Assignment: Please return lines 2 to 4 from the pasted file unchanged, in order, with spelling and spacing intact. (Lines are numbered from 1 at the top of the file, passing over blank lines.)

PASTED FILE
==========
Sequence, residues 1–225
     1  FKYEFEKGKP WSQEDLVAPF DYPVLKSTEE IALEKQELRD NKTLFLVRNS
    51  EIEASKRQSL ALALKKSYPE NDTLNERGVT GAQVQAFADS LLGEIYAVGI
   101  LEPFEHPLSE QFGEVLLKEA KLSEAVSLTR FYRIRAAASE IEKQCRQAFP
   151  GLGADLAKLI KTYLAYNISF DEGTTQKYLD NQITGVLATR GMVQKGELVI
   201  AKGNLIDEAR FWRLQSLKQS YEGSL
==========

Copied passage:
     1  FKYEFEKGKP WSQEDLVAPF DYPVLKSTEE IALEKQELRD NKTLFLVRNS
    51  EIEASKRQSL ALALKKSYPE NDTLNERGVT GAQVQAFADS LLGEIYAVGI
   101  LEPFEHPLSE QFGEVLLKEA KLSEAVSLTR FYRIRAAASE IEKQCRQAFP